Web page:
Purchase extra-strong boxes for packing dishes, wardrobe and other special items.
Pack audio-video equipment in their original boxes. Label cables and tighten transit screws. If removing screws, tape them to the objects they are removed from.
Avoid loading more than 50 pounds into one box.
Label each box and indicate the following:
(a) Which room it should go in
(b) Whether it is fragile
(c) If it should be loaded last so it will be unloaded first.
Cushion contents with packing material such as bubble
wrap, newspaper or tissue. Save room by using towels and
blankets to wrap fragile items.
Pack books tightly on end in small boxes. If musty
smelling, sprinkle talcum powder between the pages and wrap the
book before packing. Leave stored for a couple of months to
eliminate the smell.
Have rugs and draperies cleaned before moving and
leave them in wrappings for the move.
Pack medicines in a leak proof container.
Pack a separate box for your valuables to carry with
Check with your local U.S. Department of Agriculture
for regulations regarding moving plants from one state to
another. Many states have restrictions on certain plants to
prevent importing bugs or pests that can destroy valuable cash
How to Pack Boxes
Plan ahead to obtain the necessary cartons - We can sell you any
cartons you might need in addition to other packing material such as paper
and tape. You might save a substantial amount of money, however, by
obtaining cartons from other sources such as friends who have recently moved
and/or stores. Starting to collect cartons a month or two prior to your move
will probably make it possible to obtain enough cartons.
Select the proper size and type of carton - Heavy items such as books,
record albums, canned food, etc. should be put in smaller cartons. Some items
such as large pictures, mirrors, glass tops and shelves, clocks and mattresses
may require special cartons which we can provide.
When moving locally, some items don’t require packing - When you are
moving locally some items do not necessarily need to be packed. Items such
as mirrors, large pictures and mattresses can usually be transported safely
for short distances without packing. Generally, these items should be packed
for long distance move and for shipments moving into storage. Lamps and
lampshades should always be packed.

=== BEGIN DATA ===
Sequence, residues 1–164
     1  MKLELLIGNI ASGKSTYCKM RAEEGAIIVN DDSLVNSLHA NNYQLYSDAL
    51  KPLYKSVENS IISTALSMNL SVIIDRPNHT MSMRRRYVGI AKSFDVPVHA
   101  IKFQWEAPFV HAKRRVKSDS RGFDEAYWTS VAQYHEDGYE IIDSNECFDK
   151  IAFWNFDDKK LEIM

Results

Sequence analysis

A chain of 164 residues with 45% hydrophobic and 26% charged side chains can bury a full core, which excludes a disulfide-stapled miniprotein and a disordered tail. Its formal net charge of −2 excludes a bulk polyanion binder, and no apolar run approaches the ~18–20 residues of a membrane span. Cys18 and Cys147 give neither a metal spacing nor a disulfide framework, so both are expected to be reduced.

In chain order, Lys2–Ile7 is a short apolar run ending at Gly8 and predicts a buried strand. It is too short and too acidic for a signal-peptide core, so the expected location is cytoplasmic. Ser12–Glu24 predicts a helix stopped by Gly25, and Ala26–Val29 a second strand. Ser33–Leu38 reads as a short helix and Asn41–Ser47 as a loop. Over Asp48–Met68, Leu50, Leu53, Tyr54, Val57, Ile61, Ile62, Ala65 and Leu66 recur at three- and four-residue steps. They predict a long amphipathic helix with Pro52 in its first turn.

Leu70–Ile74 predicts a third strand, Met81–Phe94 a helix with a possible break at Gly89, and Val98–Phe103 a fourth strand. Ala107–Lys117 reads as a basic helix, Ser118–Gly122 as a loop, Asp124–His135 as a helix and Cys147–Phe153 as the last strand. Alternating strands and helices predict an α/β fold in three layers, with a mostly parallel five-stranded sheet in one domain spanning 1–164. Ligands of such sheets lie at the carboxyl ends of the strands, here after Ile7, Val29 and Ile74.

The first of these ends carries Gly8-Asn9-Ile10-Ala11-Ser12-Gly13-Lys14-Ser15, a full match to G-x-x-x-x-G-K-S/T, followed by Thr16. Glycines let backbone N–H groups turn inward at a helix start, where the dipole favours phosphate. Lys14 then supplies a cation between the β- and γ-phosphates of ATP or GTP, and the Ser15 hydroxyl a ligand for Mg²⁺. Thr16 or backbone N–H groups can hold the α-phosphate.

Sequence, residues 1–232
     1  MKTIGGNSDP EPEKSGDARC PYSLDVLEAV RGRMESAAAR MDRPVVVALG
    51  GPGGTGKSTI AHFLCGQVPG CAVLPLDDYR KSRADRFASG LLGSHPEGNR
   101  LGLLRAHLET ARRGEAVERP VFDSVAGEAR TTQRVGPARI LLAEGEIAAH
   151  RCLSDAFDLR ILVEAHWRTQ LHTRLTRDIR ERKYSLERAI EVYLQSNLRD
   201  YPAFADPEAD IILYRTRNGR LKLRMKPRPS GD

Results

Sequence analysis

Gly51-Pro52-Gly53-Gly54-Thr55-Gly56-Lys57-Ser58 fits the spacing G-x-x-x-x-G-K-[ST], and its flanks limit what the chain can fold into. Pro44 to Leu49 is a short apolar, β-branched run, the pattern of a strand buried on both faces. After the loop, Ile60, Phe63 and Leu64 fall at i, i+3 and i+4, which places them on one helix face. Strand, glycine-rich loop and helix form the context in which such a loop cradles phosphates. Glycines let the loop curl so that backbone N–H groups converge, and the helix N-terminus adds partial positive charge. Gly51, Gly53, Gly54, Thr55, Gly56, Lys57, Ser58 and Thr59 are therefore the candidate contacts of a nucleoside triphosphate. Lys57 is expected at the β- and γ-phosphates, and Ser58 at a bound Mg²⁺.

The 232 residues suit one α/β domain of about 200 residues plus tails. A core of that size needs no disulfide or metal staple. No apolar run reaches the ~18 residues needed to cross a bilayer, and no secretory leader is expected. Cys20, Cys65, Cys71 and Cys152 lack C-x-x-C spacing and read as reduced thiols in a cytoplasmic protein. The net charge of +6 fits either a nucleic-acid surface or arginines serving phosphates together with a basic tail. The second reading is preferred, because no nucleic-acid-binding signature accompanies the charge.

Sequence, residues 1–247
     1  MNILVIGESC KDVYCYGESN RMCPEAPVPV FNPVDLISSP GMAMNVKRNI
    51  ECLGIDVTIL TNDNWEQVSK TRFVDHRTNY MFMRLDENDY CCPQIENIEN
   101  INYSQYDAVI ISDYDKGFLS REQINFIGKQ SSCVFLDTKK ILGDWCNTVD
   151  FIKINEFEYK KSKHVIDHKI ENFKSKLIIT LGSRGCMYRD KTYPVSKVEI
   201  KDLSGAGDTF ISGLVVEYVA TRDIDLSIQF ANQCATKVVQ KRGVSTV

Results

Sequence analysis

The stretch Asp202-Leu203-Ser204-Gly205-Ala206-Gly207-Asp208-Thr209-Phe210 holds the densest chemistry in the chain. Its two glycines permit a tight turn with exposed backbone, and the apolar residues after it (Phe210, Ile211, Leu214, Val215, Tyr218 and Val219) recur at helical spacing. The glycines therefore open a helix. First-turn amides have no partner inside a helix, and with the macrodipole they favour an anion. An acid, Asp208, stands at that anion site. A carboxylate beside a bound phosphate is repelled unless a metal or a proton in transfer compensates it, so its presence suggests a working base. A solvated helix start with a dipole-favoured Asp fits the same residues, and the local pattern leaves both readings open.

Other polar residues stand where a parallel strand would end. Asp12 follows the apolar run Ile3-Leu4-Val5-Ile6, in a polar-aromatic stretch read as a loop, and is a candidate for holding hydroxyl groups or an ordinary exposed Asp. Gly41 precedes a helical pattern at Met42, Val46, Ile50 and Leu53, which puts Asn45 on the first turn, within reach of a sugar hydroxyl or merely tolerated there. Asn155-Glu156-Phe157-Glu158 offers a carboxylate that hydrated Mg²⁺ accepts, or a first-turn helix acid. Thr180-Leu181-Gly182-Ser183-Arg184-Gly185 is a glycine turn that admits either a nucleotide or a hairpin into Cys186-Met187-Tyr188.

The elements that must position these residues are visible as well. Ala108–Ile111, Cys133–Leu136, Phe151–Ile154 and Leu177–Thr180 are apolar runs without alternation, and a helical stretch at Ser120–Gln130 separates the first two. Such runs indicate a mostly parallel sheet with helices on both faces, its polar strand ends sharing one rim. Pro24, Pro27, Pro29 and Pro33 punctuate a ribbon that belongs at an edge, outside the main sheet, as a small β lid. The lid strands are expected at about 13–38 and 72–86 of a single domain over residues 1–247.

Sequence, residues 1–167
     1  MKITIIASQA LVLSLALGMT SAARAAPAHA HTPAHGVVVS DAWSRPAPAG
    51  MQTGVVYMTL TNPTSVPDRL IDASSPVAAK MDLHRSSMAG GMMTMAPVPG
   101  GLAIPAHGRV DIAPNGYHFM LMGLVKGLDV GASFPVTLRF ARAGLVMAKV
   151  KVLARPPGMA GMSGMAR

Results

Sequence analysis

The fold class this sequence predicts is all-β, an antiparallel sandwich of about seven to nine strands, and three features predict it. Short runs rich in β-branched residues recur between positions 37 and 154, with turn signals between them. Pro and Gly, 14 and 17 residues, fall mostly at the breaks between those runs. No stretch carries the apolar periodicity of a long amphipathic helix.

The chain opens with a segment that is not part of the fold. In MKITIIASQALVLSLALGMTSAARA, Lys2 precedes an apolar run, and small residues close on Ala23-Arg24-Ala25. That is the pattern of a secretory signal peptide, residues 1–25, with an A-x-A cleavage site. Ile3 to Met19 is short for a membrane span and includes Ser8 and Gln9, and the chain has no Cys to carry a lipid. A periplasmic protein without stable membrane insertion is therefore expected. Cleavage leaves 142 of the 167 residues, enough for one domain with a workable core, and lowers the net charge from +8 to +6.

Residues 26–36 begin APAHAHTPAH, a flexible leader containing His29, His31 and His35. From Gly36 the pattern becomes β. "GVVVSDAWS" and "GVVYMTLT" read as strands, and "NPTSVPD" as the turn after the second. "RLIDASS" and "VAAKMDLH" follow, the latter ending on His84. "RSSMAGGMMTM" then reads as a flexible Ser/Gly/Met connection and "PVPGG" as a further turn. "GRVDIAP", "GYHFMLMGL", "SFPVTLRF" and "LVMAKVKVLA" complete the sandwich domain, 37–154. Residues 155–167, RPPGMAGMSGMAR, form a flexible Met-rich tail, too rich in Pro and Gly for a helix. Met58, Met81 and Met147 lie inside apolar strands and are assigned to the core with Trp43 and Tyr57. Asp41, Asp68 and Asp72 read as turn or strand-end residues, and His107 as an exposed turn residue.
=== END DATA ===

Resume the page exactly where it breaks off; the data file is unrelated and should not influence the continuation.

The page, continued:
Pack one room at a time - Packing can appear to be an insurmountable task
when viewed from the perspective of the entire house. Packing one room at a time
(and staying with that room until it is fully packed) has the effect of dividing
the overall task into several smaller and more manageable tasks. This approach
also makes it possible to set realistic goals, i.e. pack the dining room today,
the kitchen tomorrow, etc.
Tape the bottom of the boxes - Taping the bottom of cartons before
filling them prevents the contents from spilling out the bottom during the
Heavy item on the bottom – Light items on top - In each carton the heavier
items should be placed at the bottom and the lighter items on top to prevent
Use a lot of paper - All breakable items should be wrapped individually
in paper. Paper should be used to cushion the bottom, sides and top of
Place breakables correctly in box - Plates should be stacked vertically as
if in a dish drain; glasses and stemware should be placed in an upright
position; again, use plenty of paper on all fragile and breakable items.
Pack boxes correctly - Fill all cartons to the top without overfilling.
Cartons with items sticking over the top cannot be properly closed or stacked;
cartons that are under filled tend to crush when stacked. Always make sure each
carton is filled totally to the top before closing. A small space at the top can
be filled with paper, a towel, a blanket or other similar items.
Close carton and seal shut with tape - Cartons should be closed-top and sealed
with tape to prevent damage and make stacking easier.
Label each box - Use a felt pen to clearly label each carton as to its general
contents and the room it is to be placed in at destination. Label on the side of
each carton rather than on the top so that cartons in stacks can be identified.
If a carton is packed in a manner that requires it to be always kept in an
upright position, draw arrows on each side indicating which end must always be
kept up. Any cartons containing particularly fragile items should be labeled as
Stack cartons - Time will be saved on your move if you arrange cartons in
stacks of similar sized cartons four to five feet high. This enables the cartons
to be easily dollied from the house to the truck.